of policies or protocols).
Ontologies are often seen as an external (acces-
sory) component, while in fact they should be tightly
coupled with the rest of the system when used to
model most of its elements.
Three main assumptions underlie this research.
Firstly, MAS has emerged as a concrete solution to
develop complex software systems in which mono-
lithic architectures (based on objects) have been
replaced by distributed ones (based on agents). Se-
condly, with the advent of the Semantic Web, agents
will be able to process information from different
ICAART 2009 - International Conference on Agents and Artificial Intelligence
sources and, so, they will be able to move around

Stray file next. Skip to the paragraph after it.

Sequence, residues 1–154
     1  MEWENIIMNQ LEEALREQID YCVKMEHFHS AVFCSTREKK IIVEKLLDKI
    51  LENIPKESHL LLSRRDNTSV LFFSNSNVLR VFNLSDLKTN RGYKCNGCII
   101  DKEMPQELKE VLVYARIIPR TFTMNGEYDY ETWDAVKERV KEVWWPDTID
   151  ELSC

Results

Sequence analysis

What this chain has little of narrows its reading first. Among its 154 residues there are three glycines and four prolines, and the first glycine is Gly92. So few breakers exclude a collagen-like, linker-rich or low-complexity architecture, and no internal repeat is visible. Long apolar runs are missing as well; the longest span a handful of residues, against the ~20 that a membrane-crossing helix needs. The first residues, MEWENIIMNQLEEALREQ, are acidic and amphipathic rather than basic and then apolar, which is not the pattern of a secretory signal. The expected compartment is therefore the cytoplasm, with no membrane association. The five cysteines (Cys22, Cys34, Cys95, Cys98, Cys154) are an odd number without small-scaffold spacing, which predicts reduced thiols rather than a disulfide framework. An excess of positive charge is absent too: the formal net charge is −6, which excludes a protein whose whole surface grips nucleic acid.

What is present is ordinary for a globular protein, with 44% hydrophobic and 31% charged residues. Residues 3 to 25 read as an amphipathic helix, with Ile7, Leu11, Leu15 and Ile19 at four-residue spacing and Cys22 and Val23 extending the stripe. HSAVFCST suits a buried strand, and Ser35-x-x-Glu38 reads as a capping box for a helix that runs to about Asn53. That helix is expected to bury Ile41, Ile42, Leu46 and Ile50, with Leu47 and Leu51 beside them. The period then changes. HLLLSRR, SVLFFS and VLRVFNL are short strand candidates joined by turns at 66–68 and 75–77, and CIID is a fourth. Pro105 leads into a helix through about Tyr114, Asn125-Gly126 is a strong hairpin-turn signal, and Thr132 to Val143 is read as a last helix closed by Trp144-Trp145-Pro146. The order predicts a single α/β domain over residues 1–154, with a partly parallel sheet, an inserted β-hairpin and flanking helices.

other MAS looking for resources and/or services not
found locally. In this scenario, openness will be an
intrinsic and mandatory characteristic of upcoming
systems. However, openness without control leads to
chaotic scenarios. The use of norms in MAS is a
promising approach for achieving openness in a
reliable way. So, the final assumption of this work is
that MAS should be normative.
However, despite all efforts made to move theory
and practice of MAS from closed to open agent
societies, current solutions do not yet explicitly
support openness and its consequences. More pre-
cisely, methodologies, modeling languages and tools
(e.g., frameworks, platforms), needed for imple-
menting open MAS, do not conveniently cover the
aspects of regulation and domain representation for
society differentiation.
This paper presents an overview of the existing
works on multiagent organisations and normative
multiagent systems. The study done on solutions for
the modeling of MAS has led to the development of
our DynaCROM methodology. We agree that the
DynaCROM methodology supports the system de-
veloper in his task of implementation and manage-
ment of regulative norms in MAS.